Green Day and The Replacements both started out as snotty punk bands with mischievous streaks before blossoming into proper adults. The frontmen — longtime pals — talk about hero worship, staving off “creative suicide,” and realizing you’ve been singing the wrong lyric for 24 years.
SPIN: You two guys have actually known each other awhile. Do you remember when you met?
BILLIE JOE ARMSTRONG: It was during the Eventually tour. I went to see you.
SPIN: So, this is 1996, when Green Day had been huge for a couple years. Paul, were you familiar with them?
PAUL WESTERBERG: I don’t know if I heard his music before we met. I was probably too afraid to look behind me, everyone was gaining. If you’re trying to move forward, then to turn around and see 100 bands doing new things and making you look dated, you’ll think, “Why did I even start this?” If I’d thought, “Oh, the Pixies are doing that better than we are, Kurt sounds better than me on this,” it can pick your ego apart. You have to stick to your guns. I do remember you standing there and seeming out of place because you were younger and hipper than most of the people in the room. My audience was starting to mature, and when I left the Replacements, a lot of people turned their backs on me. I felt fortunate that this kid seemed to like what I was doing and wasn’t 50 years old with a day job.
ARMSTRONG: I was just coming as a fan. I was always self-conscious about our success, mostly because I want to keep evolving — I want to keep that thing moving. So I looked at Paul as being miles in front of me. You gotta understand, being a Replacements fan was a prerequisite for any girl I ever dated. So, of course I marry a girl from northeast Minneapolis — I met her on the first Green Day tour, when I was 18 years old, and I was trying to figure out which bike paths these guys rode on and where they played. And seeing a skyway for the first time and standing in front of First Avenue, I just wanted to experience that whole thing. So the first time I met Paul — I don’t know what the equivalent would be for Paul, maybe Keith Richards or Johnny Thunders — but for me, I was meeting my hero.
WESTERBERG: I felt that way meeting Keith, but even more so with Bob Dylan. We couldn’t get out of the parking lot of this studio because there was a car in the way, so we banged on the door, like, “Somebody move this fucking car!” and Bob pops his head out. So he invites me to hang out at the session while some lackey moves the car and starts playing me his new stuff as I’m shitting myself. He had Jakob with him, who wanted to meet the band. We were speechless, we didn’t know what to say, but he was a normal fucking guy.
ARMSTRONG: Being in a band, you have to be a fan first. So when you meet people who have something to say about how some song affected them, those are the people I connect with. I still am that person myself.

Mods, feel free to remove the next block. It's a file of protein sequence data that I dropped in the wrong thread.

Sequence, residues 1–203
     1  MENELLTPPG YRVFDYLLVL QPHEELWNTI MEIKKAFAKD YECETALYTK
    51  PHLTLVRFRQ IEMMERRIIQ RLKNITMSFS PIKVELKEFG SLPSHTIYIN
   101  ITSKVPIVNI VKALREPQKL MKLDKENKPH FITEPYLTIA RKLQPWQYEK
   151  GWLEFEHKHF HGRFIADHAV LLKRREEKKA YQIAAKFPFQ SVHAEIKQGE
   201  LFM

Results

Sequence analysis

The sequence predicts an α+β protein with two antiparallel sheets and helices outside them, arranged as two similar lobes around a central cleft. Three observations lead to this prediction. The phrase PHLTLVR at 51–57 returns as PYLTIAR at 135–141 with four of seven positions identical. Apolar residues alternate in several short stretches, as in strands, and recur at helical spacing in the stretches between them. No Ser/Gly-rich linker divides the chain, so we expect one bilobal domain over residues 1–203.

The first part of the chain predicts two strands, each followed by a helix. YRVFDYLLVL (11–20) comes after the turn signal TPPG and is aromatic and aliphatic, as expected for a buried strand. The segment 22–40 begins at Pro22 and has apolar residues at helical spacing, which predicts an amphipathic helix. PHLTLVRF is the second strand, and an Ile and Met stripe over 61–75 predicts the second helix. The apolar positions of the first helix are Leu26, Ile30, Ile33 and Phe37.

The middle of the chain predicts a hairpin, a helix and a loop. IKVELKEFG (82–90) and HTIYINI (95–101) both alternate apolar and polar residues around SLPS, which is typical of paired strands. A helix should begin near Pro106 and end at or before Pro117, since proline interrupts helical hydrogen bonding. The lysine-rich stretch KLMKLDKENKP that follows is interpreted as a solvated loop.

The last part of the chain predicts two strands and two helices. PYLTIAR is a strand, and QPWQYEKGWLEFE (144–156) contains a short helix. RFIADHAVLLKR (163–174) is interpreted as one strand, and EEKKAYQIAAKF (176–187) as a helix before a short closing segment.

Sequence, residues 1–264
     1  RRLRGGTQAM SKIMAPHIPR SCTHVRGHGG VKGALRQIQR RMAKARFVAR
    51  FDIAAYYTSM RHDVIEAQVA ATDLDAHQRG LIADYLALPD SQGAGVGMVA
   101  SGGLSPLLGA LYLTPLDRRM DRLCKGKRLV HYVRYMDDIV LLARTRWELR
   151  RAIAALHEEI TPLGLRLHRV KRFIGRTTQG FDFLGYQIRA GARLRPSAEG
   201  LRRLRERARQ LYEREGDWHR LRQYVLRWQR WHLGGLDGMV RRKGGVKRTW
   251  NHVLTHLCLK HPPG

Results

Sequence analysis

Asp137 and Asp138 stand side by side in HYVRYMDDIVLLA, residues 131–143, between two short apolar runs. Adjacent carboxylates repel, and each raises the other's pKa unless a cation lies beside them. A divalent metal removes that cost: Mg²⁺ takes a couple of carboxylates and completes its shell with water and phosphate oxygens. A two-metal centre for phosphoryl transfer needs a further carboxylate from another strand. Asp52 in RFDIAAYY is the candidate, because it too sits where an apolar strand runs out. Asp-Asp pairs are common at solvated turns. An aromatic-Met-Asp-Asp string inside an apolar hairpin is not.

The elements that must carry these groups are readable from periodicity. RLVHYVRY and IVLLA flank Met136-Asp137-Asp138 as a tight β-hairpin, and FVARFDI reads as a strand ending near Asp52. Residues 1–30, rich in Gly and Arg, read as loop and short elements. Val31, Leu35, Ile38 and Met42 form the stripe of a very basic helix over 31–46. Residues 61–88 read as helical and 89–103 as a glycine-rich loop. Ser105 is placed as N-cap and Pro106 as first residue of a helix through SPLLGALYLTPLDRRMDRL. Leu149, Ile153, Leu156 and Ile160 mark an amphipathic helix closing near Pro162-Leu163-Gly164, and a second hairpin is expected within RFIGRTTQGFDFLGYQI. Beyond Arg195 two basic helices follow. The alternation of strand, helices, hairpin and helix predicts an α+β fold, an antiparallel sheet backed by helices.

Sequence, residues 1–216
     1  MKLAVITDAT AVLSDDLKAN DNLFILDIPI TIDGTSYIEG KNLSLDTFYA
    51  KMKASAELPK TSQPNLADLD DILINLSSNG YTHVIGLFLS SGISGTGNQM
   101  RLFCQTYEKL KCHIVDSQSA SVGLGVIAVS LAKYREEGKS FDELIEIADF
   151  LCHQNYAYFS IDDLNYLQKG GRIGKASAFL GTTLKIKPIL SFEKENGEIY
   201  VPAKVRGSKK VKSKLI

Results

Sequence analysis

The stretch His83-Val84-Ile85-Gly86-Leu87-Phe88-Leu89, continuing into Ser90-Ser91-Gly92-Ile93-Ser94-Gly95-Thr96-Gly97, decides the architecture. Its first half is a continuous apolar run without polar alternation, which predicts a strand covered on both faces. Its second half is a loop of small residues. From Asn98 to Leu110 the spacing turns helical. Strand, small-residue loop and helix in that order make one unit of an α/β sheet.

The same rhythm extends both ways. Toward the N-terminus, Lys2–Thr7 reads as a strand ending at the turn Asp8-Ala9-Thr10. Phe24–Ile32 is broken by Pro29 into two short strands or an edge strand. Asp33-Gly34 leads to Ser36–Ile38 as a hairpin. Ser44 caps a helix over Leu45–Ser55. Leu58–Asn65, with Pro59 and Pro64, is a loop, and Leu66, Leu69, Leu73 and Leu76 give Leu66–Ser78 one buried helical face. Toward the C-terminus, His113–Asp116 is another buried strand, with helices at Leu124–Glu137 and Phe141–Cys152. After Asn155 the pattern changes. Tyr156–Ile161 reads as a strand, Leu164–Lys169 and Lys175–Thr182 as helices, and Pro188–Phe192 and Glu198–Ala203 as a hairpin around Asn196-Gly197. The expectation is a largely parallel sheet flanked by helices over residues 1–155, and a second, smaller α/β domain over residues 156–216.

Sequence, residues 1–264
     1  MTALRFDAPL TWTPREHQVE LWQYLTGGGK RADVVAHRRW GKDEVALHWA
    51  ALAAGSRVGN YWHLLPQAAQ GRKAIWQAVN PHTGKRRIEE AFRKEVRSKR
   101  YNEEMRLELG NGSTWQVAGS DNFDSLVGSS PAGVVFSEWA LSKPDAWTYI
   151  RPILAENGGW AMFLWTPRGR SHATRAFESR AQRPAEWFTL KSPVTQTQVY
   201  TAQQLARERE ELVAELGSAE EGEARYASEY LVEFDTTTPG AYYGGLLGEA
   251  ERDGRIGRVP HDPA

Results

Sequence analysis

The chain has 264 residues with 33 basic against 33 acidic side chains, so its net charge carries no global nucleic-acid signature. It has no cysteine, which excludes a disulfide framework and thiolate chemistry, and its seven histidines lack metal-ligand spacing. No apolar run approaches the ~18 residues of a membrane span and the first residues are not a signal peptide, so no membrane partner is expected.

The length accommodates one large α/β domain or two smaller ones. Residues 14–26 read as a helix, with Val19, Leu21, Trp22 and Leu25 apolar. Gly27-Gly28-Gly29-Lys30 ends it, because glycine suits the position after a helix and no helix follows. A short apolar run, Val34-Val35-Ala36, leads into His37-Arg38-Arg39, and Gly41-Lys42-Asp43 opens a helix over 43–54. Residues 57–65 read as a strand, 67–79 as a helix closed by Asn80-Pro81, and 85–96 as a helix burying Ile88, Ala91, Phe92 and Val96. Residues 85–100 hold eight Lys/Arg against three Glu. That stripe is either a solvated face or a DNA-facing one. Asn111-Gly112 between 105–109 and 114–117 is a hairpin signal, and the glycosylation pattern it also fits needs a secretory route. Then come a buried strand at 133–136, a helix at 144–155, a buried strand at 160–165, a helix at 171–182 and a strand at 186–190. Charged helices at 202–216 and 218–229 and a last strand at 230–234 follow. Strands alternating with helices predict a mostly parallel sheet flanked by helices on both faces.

WESTERBERG: We can be humbled in a split second if the right person steps in the room. I rode an elevator with Pete Townshend once, and I couldn’t even muster a word. Not hello, couldn’t meet his eye.
SPIN: The biggest parallel between Green Day and the Replacements, especially at the beginnings of your careers, is probably the mix of punk and humor. Billie Joe, do you remember the first time the Replacements made an impression on you?
ARMSTRONG:A lot of my friends were into hardcore, like Minor Threat and all that, but those bands just took themselves so seriously. My sister brought me to Rasputin Records in Berkeley and gave me money to buy whatever records I wanted. I came back with this album that had, like, a guitar player and a dragon, and my sister was like, “No fucking way.”
SPIN: Was it Yngwie Malmsteen?
ARMSTRONG: I don’t want to name names. So I think I got Let It Be and Sorry Ma, Forgot to Take Out the Trash. I was 14.
WESTERBERG: Shit, that’s the perfect age.
ARMSTRONG: My kid’s 15 now; Replacements albums are the first things he reaches for. And my sister brought me to see you at the Fillmore, I think in 1987. You guys were wearing all plaid….
WESTERBERG: That could have been any night, really.
ARMSTRONG: And Tommy [Stinson] had a lime-green Rickenbacker bass. Songs like “If Only You Were Lonely,” that’s just Paul and a guitar. You never heard that in punk, and it was so vulnerable.
WESTERBERG: There were songs I didn’t really want to do for the band, that I wanted to keep for myself. But it’s a producer’s job to sit in the chair and pick out the best ones. [Late Replacements guitarist] Bob [Stinson] just wanted to get to the guitar solo, so if that wasn’t an option, he didn’t have a lot of interest. Once he wasn’t in the band anymore, it was easier to do these.
ARMSTRONG: For me, the moment was when we did Nimrod, which had “Good Riddance” — that was really the first time we attempted a ballad. The first time we ever played that song was during an encore in New Jersey — I had to pound a beer backstage to get up the courage. I knew we were gonna take a tomato to the face.
Read more of Billie Joe & Paul’s chat in the April 2010 issue of SPIN, on newsstands now.